As The Ocean Project’s national public opinion research found, young people not only care more about issues affecting our oceans and planet but are also more willing to act than adults. Young people are looked to by their parents as the most knowledgeable source of information in the households on environmental issues and can be very influential in environmental decision-making around the house and in their communities. By better understanding the dynamics of youth, zoo, aquarium, and museum (ZAM) staff can better motivate them for positive action.
Two other recent studies provide plenty of additional insightful data on youth. One comprehensive recent study regarding the use of media by teens and tweens demonstrates the powerful force of various media in young people’s lives. The report, Generation M2: Media in the Lives of 8- to 18-Year-Olds, by the Henry J. Kaiser Family Foundation, found that teens and tweens spend more time with media than in any other activity besides (maybe) sleeping—an average of more than 7½ hours a day, seven days a week.
In order to reach this huge and influential segment of our population our Partner ZAMs and others in the conservation community need to better understand the role of media in young people’s lives. This study includes much useful information including the types of media youth use, which they own, how much time they spend with each medium, which activities they engage in, how often they multitask, and how they differ from one another in the patterns of their media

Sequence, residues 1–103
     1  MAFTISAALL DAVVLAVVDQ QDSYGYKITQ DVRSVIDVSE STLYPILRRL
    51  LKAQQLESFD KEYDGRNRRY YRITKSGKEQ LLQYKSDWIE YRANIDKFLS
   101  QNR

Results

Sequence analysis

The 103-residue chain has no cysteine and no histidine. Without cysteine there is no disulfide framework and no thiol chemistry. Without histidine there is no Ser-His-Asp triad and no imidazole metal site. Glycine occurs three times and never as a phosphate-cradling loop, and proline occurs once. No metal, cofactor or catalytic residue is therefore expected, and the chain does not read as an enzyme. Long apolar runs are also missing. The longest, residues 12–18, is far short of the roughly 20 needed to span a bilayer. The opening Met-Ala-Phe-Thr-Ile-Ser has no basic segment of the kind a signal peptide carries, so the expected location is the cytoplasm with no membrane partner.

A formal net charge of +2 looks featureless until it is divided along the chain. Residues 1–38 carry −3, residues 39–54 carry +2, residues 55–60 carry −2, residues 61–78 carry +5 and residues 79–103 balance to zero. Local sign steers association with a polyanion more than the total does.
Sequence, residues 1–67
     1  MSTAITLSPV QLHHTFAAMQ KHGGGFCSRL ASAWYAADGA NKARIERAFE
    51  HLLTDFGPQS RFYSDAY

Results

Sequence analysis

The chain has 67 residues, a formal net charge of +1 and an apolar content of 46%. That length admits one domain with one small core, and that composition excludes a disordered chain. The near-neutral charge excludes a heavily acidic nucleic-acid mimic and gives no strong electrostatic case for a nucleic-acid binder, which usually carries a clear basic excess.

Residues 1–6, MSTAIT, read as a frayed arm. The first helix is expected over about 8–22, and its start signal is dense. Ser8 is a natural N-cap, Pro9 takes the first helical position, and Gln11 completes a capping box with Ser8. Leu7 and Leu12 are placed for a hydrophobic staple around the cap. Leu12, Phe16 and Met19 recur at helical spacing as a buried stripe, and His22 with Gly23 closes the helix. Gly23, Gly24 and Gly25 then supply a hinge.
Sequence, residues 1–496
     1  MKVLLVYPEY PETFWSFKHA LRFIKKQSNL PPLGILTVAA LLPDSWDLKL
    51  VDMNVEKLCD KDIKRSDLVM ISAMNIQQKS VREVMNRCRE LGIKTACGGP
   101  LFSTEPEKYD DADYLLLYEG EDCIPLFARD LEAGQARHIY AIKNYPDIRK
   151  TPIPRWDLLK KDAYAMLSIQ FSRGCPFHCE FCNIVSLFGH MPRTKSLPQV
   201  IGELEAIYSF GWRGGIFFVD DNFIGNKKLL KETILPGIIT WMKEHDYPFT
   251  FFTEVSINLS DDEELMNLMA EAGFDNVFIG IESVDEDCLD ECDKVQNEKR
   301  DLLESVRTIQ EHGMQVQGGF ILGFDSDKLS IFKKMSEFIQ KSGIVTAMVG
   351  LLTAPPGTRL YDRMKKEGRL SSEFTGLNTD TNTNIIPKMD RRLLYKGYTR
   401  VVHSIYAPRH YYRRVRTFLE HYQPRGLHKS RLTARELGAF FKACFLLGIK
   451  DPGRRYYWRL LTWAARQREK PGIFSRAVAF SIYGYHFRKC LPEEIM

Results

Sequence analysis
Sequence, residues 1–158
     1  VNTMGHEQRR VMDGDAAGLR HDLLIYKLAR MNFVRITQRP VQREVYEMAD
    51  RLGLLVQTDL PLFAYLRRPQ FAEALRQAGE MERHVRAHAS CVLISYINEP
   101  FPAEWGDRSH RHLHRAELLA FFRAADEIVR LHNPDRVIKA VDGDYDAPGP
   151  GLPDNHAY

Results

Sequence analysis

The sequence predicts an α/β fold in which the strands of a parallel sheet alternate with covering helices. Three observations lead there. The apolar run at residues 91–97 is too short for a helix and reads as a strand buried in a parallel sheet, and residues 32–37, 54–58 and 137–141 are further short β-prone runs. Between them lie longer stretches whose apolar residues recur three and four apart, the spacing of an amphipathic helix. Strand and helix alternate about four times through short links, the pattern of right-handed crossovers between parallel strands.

Another recent publication, Social Media & Mobile Internet Use Among Today’s Teens and Young Adults, by the Pew Research Center, echos many of these findings. It is part of a PRC series of reports exploring the behaviors, values and opinions of the teens and twenty-somethings that make up the Millennial Generation.
This new report presents findings on 2000-2009 trends in the use of social networking sites, features, and applications such as Twitter; method of Internet access; frequency of use, and online purchases and other activities by age group, race/ethnicity, and gender.
According to the report, almost all Millennials (93%) go online, but there has been a decline in blogging among younger Americans. Millennials, however, are increasingly connecting to the internet wirelessly (81% are now) and nearly three in four of those who go online use social networking sites. Teens do not use Twitter in large numbers.